# Bresenham's Circle Drawing Algorithm Using C Programming

## ðŸŽ¯ Introduction

Bresenham's Circle Drawing Algorithm is a simple and efficient method used to draw circles on a digital screen or a graphics window. It was developed by Jack E. Bresenham in 1962 and has since become one of the most popular algorithms for circle generation due to its speed and accuracy. The algorithm is especially useful when hardware-based circle-drawing operations are not available, making it an essential technique in computer graphics and related applications.

In this blog post, we will explore the concept of Bresenham's Circle Drawing Algorithm, understand its working principles, and analyze the provided C programming implementation. Additionally, we will enhance the code to make it compatible with modern systems while providing detailed explanations and insights throughout the process.

## ï»¿ðŸŽ¯ Concept

The primary idea behind Bresenham's Circle Drawing Algorithm is to determine the best positions to plot pixels along the circumference of a circle to minimize error. Instead of using the traditional method of calculating the coordinates based on the circle equation, Bresenham's algorithm employs incremental calculations to decide the next pixel position efficiently.

## ï»¿ðŸŽ¯ Bresenham's Circle Drawing Example Program

#include<stdio.h>Â

#include<conio.h>Â

#include<graphics.h>Â

void main() {

Â Â Â int gd = DETECT, gm;

Â Â Â int x, y, r;

Â Â Â void cir(int, int, int);

Â Â Â printf("Enter the Mid points and Radious:");

Â Â Â scanf("%d%d%d", &x, &y, &r);

Â Â Â initgraph(&gd, &gm, "");

Â Â Â cir(x, y, r);

Â Â Â getch();

Â Â Â closegraph();

}

void cir(int x1, int y1, int r) {

Â Â Â int x = 0, y = r, p = 1 - r;

Â Â Â void cliplot(int, int, int, int);

Â Â Â cliplot(x1, y1, x, y);

Â Â Â while (x < y) {

Â Â Â Â Â Â x++;

Â Â Â Â Â Â if (p < 0)

Â Â Â Â Â Â Â Â Â p += 2 * x + 1;

Â Â Â Â Â Â else {

Â Â Â Â Â Â Â Â Â y--;

Â Â Â Â Â Â Â Â Â p += 2 * (x - y) + 1;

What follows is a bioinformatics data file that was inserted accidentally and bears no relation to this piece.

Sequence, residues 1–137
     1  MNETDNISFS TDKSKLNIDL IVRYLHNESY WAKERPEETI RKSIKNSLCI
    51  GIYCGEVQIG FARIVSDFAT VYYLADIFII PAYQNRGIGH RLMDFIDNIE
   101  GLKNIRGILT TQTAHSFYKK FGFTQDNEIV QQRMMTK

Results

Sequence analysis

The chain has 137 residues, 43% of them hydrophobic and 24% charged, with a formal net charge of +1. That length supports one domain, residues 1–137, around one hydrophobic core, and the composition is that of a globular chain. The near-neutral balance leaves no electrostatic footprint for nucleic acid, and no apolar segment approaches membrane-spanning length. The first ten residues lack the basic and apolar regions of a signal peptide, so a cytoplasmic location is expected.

Â Â Â Â Â Â }

Â Â Â Â Â Â cliplot(x1, y1, x, y);

Â Â Â }

}

void cliplot(int xctr, int yctr, int x, int y) {

Â Â Â putpixel(xctr + x, yctr + y, 1);

Â Â Â putpixel(xctr - x, yctr + y, 1);

Â Â Â putpixel(xctr + x, yctr - y, 1);

Â Â Â putpixel(xctr - x, yctr - y, 1);

Â Â Â putpixel(xctr + y, yctr + x, 1);

Â Â Â putpixel(xctr - y, yctr + x, 1);

Â Â Â putpixel(xctr + y, yctr - x, 1);

Â Â Â putpixel(xctr - y, yctr - x, 1);

Â Â Â getch();

}Â

## ï»¿ðŸŽ¯ Bresenham's Circle Example Detailed Explanation

void main():

In the original code, the main() function initializes the graphics mode and takes user input for the circle's center (x, y) coordinates and its radius (r).

The graphics mode is set using the initgraph() function, and the circle-drawing function cir() is called to draw the circle.

After drawing, the program waits for a keystroke with getch() and closes the graphics mode with closegraph().

void cir(int x1, int y1, int r):

This function is responsible for drawing the circle using Bresenham's algorithm.

It takes three arguments: x1 and y1 (the center coordinates) and r (the radius).

Inside the function, two variables x and y are initialized to 0 and r, respectively, representing the initial pixel position.

The variable p is used to calculate the decision parameter for determining the next pixel position to plot.

The function cliplplot() is called to plot the initial pixel and then iteratively calculates the next pixel positions until x becomes greater than or equal to y.

void cliplot(int xctr, int yctr, int x, int y):

This function is responsible for plotting pixels symmetrically along the circle's circumference based on the current position (x, y).

It takes four arguments: xctr and yctr (the center coordinates of the circle) and x and y (the current pixel positions to be plotted).

Using the putpixel() function, it plots eight symmetric points around the circle's center, resulting in a complete circle when all the pixels are drawn.

## ï»¿ðŸŽ¯ Summary

In this blog post, we have explored Bresenham's Circle Drawing Algorithm, a widely used method for efficiently drawing circles on a digital screen. We've seen how the algorithm differs from conventional circle-drawing techniques, utilizing incremental calculations to determine the best pixel positions along the circumference. The provided C programming implementation was enhanced by introducing modern graphics libraries and adding detailed explanations to help readers grasp the concept and application of the algorithm.